CNI Cyber Report:

Risk & Resilience Report

Introduction

Daily life in the UK depends on our Critical National Infrastructure (CNI). As we continually seek increased connectivity, the need for more remote working practices, improved operational management and legacy infrastructure upgrades, coupled with growing challenges posed by increasing cyber threats and new legislative requirements, is putting significant demand on our CNI.

Traditionally many organisations within CNI sectors have managed Industrial Control Systems (ICS) and critical applications on their own closed private networks and often the availability of those systems is king. However, the rise of the Internet of Things has brought the benefits of connectivity to the fore and there is a growing need to drive convergence between critical operational technology, IT networks and the internet for remote management. This introduces a completely new attack surface and a wider range of threats.

All these factors lead to some very important questions: how true are the perceived threats and risks to CNI? What are the biggest risks and challenges? Has regulation helped? And what does the future look like for the sector?

To answer these questions we commissioned independent research organisation, Censuswide, to conduct research among 250 UK IT and security decision-makers across five key CNI sectors: aviation, chemicals, energy, transport and water. This report seeks to understand the current state of cyber security in the CNI, exploring the trends, attitudes and challenges organisations are facing.
It will take a deep dive into a range of subject areas including confidence in cyber security, attack volumes, cloud adoption, skills and regulation.

Contents

3) Snapshot of key findings 
5) Confidence in CNI Security 
7) Cyber attacks are widespread 
7)Understanding the consequences 
8) Impact of Covid-19 
8) Cyber security strategy and controls 
10)Aligning physical and cyber security 
11) Skills, ownership and staff wellbeing 
12) Security teams are burning out 
13) Understanding the NIS Regulation 
14) Meeting NIS Indicators of Good Practice (IGPs) 
15) Looking ahead 
16) The biggest challenges facing cyber security teams by 2025 
17) Conclusion 17

Snapshot of key findings

Confidence in CNI cyber security is high…

  • 78% of organisations are confident that their OT systems are protected from cyber threats
  • But less than a third (28%) are ‘very confident’ their OT systems are protected
  • 73% of organisations believe they have the right skills in place to maintain and secure their OT environment

93% have experienced a successful attack in the last 12 months

Ageing infrastructure and increased connectivity is introducing new risks

  • The majority of organisations are using ageing infrastructure:
    » Over three quarters (79%) of organisations’ main OT systems are over five years old
    » Over a third (34%) are over 10 years old
  •  Systems are becoming more accessible:
    » The majority (84%) of OT/ICS environments are accessible from corporate networks
    » Only 42% say their OT/ICS environments are not accessible from the internet and 22% of these have plans to make them accessible

73% of organisations believe they have the right skills in place to maintain and secure their OT environment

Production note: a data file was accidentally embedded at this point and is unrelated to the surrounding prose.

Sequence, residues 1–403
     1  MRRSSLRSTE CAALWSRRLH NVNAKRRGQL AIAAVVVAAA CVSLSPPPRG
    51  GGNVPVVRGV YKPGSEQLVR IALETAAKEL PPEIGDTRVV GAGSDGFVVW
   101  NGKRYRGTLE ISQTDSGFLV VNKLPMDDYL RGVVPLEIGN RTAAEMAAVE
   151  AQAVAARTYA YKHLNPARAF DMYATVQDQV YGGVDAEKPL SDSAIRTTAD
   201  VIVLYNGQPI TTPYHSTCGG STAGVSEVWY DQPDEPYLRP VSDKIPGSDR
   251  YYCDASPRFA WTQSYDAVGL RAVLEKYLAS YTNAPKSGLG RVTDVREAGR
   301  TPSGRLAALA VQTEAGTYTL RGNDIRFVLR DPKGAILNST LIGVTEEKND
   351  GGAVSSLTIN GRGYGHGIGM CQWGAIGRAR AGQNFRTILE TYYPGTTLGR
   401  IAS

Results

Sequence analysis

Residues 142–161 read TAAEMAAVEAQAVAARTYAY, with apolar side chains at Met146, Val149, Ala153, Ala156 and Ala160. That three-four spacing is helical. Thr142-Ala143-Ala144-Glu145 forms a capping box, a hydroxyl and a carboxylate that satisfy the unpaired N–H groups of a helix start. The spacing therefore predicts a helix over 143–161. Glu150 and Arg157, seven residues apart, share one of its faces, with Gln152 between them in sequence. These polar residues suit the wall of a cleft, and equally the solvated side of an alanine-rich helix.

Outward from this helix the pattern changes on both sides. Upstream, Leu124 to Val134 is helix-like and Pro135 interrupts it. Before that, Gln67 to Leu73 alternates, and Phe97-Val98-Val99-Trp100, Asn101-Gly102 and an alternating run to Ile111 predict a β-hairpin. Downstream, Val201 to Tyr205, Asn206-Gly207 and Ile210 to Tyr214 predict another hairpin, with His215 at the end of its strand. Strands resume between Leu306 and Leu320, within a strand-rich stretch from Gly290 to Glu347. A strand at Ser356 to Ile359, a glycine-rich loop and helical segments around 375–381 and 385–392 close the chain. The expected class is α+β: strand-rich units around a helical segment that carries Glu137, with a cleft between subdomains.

…Yet, CNI is facing a cyber siege

86% of organisations have detected cyber attacks on their OT/ICS environments in the last 12 months

  • Of these, 93% experienced at least one successful attack on their OT/ICS environments in the last 12 months
  • Nearly a quarter (24%) have experienced more than 5 successful attacks
  • Over two-thirds (69%) have experienced between 1-5 successful attacks
  • Water and transport experienced the most successful attacks

79% of organisations’ main OT systems
are over 5 years old

Organisations are facing a plethora of different threats

  • The top three threats are cyber attacks (39%),
    malware (34%) and physical security risks (28%)
  • Only 18% see third party suppliers / partners as
    the biggest risk to their organisation

Responsibility for cyber security of OT/ICS
systems is spread across teams

  • 32% of organisations say the responsibility belongs to a combination of the IT team, security team and OT/engineering team 
  • 25% say the responsibility belongs to the IT team
  • 24% say the responsibility belongs to the security team
  • 18% say the responsibility belongs to the OT/engineering team

Cloud migration for OT is being widely adopted…

  • 98% of organisations either have or plan to migrate elements of OT environments to the cloud
  • 93% say it’s either as secure or more secure in the cloud
  • 84% say it’s either as resilient or more resilient in the cloud

98% of organisations have or plan to migrate
elements of OT environments to the cloud

32% have reduced cyber budget due to Covid-19

85% agree that they have felt increasing pressure to improve cyber security controls

…But a skills shortage is highly anticipated

  • 84% of organisations agree the UK’s CNI industry will be impacted by a critical cyber security skills shortage in the next 3 to 5 years

Covid-19 has reduced cyber budgets and
raised risks

  • 32% have reduced cyber budget due to Covid-19 50% have experienced increased attacks during the pandemic

Pressure is building to improve OT/ICS
security controls

  • 85% agree they have felt an increasing pressure to improve cyber security controls for the OT/ ICS environment in the last 12 months (aside from supporting remote working in the current circumstances)